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Archive for May 8th, 2012

Greece is the Word and a One Eye View

Posted by TravellingStrom on May 8, 2012


Mayan Prophecy Countdown 

Places I have Ridden


I had a great sleep and cooked myself some tea(black no milk, the last milk I carried broke and stunk the top box out!!) and some cake that I now carry, for just these occasions.  I was not in any hurry and even thought about having a rest day here, but when it came down to it, the lack of power and internet would make it wasteful, so I packed and was on the road by about 9.30 or so.  I dropped in to see Dimitri at his shop, but it was not open yet so I left a card and a message.

I had no real clue as to where to go today, but there were a number of geocaches between me and a town down the road called Thessaloníki. It was only 350km or so, and with a full day to get there, it should make the whole day more enjoyable. The first one was from a Greek myth about the Cyclops, so off I go and find the track, go slowly up here, but not as slowly as the other little fella, and get as close as I can before walking the last 100m uphill. I found the cache and there was a great view of the small harbor at the bottom.

Makri – Cave of Cyclops Polyphemus

Makri. Cave-Neolithic settlement. The cave on the coast at Makri, near the present village of Platanos, known by the locals as the Cyclops’s Cave, was used for habitation in prehistoric times and as a place of worship later. Above it, on the site of Toumba (= tumulus) is the Neolithic settlement of Makri, one of the most important in the Balkans. Traces of Bronze Age and Iron Age installations have also been located in the same area. In historical times there was a small trading post here, where commercial transactions between Greeks and Thracians were conducted. The rock-cut structures (niches, rooms, channels, cisterns, stairways etc.) east of the cave are difficult to date but, nevertheless, bear witness to the exploitation of the rocks of the region over the ages.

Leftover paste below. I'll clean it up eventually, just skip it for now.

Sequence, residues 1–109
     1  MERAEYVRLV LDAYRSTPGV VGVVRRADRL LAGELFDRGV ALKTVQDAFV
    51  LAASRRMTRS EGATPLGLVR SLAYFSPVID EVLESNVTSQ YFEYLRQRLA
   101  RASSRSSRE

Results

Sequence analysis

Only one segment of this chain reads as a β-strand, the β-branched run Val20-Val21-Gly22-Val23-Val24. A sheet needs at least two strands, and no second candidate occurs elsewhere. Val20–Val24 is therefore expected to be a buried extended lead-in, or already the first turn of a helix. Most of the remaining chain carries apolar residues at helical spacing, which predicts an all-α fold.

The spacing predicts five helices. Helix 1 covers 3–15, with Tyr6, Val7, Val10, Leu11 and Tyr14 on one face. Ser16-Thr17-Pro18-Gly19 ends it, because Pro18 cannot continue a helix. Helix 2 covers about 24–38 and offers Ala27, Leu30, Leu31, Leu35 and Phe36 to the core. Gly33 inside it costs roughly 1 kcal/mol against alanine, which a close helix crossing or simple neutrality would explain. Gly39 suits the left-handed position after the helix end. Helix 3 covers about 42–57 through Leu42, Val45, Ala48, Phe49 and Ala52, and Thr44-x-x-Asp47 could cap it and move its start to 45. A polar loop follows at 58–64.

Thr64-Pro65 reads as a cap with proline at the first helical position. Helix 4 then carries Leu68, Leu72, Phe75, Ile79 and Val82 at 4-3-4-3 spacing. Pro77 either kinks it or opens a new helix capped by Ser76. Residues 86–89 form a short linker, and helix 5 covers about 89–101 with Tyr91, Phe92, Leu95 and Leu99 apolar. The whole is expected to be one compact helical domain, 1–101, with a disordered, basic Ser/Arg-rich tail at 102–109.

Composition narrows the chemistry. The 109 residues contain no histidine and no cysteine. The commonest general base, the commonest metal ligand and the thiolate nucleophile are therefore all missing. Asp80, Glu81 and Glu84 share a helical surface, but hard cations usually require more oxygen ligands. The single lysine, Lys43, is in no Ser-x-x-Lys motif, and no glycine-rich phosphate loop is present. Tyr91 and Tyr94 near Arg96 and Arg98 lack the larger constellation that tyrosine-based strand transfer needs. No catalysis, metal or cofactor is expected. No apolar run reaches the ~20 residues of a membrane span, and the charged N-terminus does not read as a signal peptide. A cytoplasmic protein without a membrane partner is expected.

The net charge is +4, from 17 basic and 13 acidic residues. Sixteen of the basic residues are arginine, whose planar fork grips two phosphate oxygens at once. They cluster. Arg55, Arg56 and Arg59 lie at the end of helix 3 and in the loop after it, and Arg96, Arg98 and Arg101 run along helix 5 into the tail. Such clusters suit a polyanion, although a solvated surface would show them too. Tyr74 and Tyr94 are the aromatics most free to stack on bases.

In front of the entrance, there are large natural boulders which folk imagination has connected with the rocks that Cyclop Polyphemus threw to the ship of Odysseus. The cave has two spacious chambers, with interesting stalactite decor, and a third one on the second floor. Access to the above floor can be found through a narrow hole on the right wall of the entrance, above a carved niche, which indicates Christian worship to the site of the cave. An exploration by the Hellenic Speleological Society in 1970 has shown that the chamber of the upper floor has an earthen ground of good thickness, which someway must be connected with its use during the ancient times.

Read more (in greek):

Cyclops Polyphemus in Homer’s Odyssey

In the story of Homer’s Odyssey, during the titular character’s journey home, Odysseus lands on the Island of the Cyclopes. He then takes eleven other men and sets out to find supplies. The Greeks find a large cave. They enter and proceed to feast on rosting sheep they find there. Unknown to them, the cave is the home of the Cyclops Polyphemus, who soon returns home to find Odysseus and his men there. The cyclops then rolls a great stone in front of the entrance to his cave, trapping the Greeks within. Odysseus then devises a very clever escape plan, true to his character throughout the Iliad and the Odyssey.

To make Polyphemus unwary Odysseus gave the cyclops, who had never had spirits before, very strong unwatered wine. When Polyphemus asks for Odysseus’ name, Odysseus tells him “Outis” a name which is translated as “Noman” or “Nobody,” but which has been used allusively by later authors. Once the giant falls asleep, Odysseus and his men use a spear that had been hardened in the fire to destroy Polyphemus’ only eye. He yells out to his fellow Cyclopes that “Noman” (“Nohbdy” in Robert Fitzgerald’s translation) hurt him; the others take this to mean that Polyphemus has lost his mind and stabbed his own eye out. They also conclude his condition is a curse from a god, and so they do not intervene. In the morning, Odysseus ties his men and himself to the undersides of Polyphemus’ sheep. When the Cyclops lets the sheep out to graze, he feels their backs to ensure the men aren’t riding out, but doesn’t feel the men underneath.